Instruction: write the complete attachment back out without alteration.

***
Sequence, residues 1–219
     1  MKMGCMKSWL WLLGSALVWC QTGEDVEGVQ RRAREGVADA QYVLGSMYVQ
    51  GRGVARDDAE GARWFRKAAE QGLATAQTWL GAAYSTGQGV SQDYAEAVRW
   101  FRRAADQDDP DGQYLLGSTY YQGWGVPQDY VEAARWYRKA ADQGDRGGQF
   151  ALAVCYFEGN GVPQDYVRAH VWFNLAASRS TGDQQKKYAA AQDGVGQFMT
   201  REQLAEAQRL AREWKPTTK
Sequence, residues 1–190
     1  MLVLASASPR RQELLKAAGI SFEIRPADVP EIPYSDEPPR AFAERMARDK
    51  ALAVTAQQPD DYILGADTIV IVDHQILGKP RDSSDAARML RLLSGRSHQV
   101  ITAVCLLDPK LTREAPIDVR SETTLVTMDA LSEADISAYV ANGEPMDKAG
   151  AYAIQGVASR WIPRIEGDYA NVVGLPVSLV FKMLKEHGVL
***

Sequence, residues 1–219
     1  MKMGCMKSWL WLLGSALVWC QTGEDVEGVQ RRAREGVADA QYVLGSMYVQ
    51  GRGVARDDAE GARWFRKAAE QGLATAQTWL GAAYSTGQGV SQDYAEAVRW
   101  FRRAADQDDP DGQYLLGSTY YQGWGVPQDY VEAARWYRKA ADQGDRGGQF
   151  ALAVCYFEGN GVPQDYVRAH VWFNLAASRS TGDQQKKYAA AQDGVGQFMT
   201  REQLAEAQRL AREWKPTTK
Sequence, residues 1–190
     1  MLVLASASPR RQELLKAAGI SFEIRPADVP EIPYSDEPPR AFAERMARDK
    51  ALAVTAQQPD DYILGADTIV IVDHQILGKP RDSSDAARML RLLSGRSHQV
   101  ITAVCLLDPK LTREAPIDVR SETTLVTMDA LSEADISAYV ANGEPMDKAG
   151  AYAIQGVASR WIPRIEGDYA NVVGLPVSLV FKMLKEHGVL